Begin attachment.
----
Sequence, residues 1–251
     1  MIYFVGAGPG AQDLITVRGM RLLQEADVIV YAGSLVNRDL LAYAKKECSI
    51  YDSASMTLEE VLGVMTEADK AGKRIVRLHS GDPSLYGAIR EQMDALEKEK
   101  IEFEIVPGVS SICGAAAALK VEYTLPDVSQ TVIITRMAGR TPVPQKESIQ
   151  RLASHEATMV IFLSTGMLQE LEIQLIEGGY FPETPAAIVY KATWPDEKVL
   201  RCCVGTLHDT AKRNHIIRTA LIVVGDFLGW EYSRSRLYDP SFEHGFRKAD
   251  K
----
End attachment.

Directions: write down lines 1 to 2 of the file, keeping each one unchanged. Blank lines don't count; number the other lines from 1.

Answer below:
Sequence, residues 1–251
     1  MIYFVGAGPG AQDLITVRGM RLLQEADVIV YAGSLVNRDL LAYAKKECSI